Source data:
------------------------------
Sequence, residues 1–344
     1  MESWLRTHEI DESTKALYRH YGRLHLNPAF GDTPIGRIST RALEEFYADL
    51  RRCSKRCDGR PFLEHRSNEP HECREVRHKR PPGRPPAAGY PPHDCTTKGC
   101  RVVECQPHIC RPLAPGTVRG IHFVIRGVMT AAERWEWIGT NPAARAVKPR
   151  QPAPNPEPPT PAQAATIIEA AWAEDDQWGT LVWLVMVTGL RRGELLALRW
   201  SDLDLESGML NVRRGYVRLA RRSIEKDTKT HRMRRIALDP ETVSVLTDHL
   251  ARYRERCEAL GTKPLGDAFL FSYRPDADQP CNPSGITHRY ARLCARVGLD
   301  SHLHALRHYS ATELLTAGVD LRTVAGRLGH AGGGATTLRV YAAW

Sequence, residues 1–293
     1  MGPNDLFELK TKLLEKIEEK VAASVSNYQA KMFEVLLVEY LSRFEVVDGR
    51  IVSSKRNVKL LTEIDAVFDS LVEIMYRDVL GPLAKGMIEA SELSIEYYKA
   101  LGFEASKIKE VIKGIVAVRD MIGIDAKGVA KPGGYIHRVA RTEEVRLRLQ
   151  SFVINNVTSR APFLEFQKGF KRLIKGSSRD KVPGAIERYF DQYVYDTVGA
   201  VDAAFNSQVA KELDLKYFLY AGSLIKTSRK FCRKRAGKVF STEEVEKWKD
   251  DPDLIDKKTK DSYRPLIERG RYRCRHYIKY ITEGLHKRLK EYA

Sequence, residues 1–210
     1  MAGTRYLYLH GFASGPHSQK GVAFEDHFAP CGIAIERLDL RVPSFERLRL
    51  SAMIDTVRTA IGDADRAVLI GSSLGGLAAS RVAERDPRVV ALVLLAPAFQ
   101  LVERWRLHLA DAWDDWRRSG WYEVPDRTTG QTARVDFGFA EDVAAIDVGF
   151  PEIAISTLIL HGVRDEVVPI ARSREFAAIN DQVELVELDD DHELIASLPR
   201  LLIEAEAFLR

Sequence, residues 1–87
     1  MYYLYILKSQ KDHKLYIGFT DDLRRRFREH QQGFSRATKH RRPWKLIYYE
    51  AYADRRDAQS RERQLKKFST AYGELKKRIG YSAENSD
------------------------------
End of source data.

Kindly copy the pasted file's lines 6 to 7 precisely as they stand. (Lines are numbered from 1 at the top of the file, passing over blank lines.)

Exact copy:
   201  SDLDLESGML NVRRGYVRLA RRSIEKDTKT HRMRRIALDP ETVSVLTDHL
   251  ARYRERCEAL GTKPLGDAFL FSYRPDADQP CNPSGITHRY ARLCARVGLD